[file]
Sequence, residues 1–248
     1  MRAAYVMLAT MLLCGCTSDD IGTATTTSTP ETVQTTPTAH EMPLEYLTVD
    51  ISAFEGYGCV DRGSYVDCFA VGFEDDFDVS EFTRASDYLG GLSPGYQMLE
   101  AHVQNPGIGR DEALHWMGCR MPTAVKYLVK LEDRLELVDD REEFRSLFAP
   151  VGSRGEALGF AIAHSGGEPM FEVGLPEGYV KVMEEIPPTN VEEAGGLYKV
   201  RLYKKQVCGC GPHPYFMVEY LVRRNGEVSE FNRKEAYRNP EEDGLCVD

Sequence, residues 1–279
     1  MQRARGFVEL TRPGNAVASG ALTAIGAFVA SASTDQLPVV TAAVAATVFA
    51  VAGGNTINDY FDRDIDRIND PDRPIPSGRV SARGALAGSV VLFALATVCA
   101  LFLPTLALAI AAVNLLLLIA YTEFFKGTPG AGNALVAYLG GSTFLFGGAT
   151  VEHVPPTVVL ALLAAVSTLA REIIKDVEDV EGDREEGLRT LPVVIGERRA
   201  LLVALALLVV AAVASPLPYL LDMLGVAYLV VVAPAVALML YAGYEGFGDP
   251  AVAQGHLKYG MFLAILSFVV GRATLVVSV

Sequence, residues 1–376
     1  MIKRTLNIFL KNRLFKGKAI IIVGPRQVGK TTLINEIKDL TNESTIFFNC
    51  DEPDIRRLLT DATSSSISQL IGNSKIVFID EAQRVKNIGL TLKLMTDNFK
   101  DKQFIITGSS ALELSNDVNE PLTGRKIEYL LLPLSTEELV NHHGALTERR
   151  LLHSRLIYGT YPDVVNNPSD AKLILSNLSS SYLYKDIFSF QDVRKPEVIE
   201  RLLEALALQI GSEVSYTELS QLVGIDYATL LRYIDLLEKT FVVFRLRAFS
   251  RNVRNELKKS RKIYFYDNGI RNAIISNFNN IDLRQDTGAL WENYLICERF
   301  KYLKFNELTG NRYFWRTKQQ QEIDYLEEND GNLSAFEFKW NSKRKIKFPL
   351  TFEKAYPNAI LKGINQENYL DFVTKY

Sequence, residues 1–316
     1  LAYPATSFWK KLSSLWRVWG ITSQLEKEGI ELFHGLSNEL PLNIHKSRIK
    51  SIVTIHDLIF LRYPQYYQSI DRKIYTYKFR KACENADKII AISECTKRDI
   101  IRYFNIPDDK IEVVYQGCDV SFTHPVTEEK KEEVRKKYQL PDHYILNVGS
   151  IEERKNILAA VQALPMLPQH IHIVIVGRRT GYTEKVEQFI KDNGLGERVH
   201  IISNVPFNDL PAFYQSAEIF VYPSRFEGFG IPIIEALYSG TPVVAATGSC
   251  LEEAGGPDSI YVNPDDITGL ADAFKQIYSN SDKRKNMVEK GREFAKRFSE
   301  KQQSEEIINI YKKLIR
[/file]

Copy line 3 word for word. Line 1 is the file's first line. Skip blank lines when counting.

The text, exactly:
    51  ISAFEGYGCV DRGSYVDCFA VGFEDDFDVS EFTRASDYLG GLSPGYQMLE